Groom all members to be the next man up.
My time on the football field for Army West Point and throughout my military career not only taught me how to be an effective leader, but also how to be the next man up. It’s a concept of organizational structure that was born out of the military and an understanding that I carry into my own professional career.
On the battlefield, there is no room for loose ends. You have to go in with massive contingency plans that are well defined and a prepared command structure that everyone understands. Each officer and soldier is trained to understand multiple roles and to adapt or fulfill other responsibilities as needed. This way, if someone goes down in the process, everyone else knows exactly who will pick up the slack and accept their new role. It’s a matter of supporting your team and making sure the organization survives.
In the civilian world, you will often find the opposite mentality. We are all selfish in our own lives, and people go out of their way to make themselves indispensable. Being indispensable gives them a sense of power and job security, but it does so at the expense of the organization. They may withhold information and try to make their position such that the whole organization would crumble without them.
The way I manage teams is based off my experience at West Point and in active duty. I am constantly making sure people are cross-trained and that they understand we delegate greater and greater responsibility to those that can do it. If it is clear they can’t handle it then we redirect and move them to a different position. This way they can not only do their own job effectively, but also back up others and understand how they fit in a different contingency plan. I want to make sure everyone on my team can be the next man up.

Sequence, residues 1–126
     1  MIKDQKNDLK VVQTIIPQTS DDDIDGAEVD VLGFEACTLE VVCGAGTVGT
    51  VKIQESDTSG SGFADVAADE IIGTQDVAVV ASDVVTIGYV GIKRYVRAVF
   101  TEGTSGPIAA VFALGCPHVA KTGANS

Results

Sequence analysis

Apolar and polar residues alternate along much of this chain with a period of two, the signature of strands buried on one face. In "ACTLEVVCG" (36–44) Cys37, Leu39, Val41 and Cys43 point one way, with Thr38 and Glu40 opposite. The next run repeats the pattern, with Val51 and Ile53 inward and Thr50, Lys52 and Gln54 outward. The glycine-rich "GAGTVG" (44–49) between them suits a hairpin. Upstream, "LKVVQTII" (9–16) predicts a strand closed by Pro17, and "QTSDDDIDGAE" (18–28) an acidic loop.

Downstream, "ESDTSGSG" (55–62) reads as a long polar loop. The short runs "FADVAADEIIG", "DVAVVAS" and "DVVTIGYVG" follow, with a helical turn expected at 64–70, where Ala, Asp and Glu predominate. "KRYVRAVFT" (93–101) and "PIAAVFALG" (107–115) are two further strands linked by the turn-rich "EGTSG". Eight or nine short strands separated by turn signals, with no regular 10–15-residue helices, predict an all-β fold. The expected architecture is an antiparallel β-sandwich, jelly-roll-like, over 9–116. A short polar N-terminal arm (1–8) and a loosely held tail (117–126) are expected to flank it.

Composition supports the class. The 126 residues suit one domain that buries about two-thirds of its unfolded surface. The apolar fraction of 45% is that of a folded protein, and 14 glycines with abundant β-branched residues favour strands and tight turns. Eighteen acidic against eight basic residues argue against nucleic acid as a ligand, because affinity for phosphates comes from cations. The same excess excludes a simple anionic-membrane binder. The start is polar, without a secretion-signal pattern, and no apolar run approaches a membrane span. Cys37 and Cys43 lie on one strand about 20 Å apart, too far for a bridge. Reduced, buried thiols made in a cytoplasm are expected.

On the football field, there are first-string and second-string players. If you’re the first-string linebacker, it takes strong leadership skills to spend time with the second-string linebacker and teach him the role without fear of losing your job. If you are injured in the championship game, it is up to the second-string linebacker to come in and seamlessly “fill the hole”. Your team could be bringing home the trophy, not because of your play, but because you mentored the next man up.
If you manage this way and have an organizational culture of “thinking up” then you are constantly building a strong leadership bench. This creates opportunity and a more motivated work environment. People want to feel like their job is part of something greater. Nothing drives this point home clearer than grooming them in multiple aspects of the business and giving them a greater understanding of the organizational structure it takes to make your product.
If you are a leader in your business or organization, invest time in all of your employees. Make sure they are able to step up and fill roles left vacant. I guarantee this will lead to success in the long-run.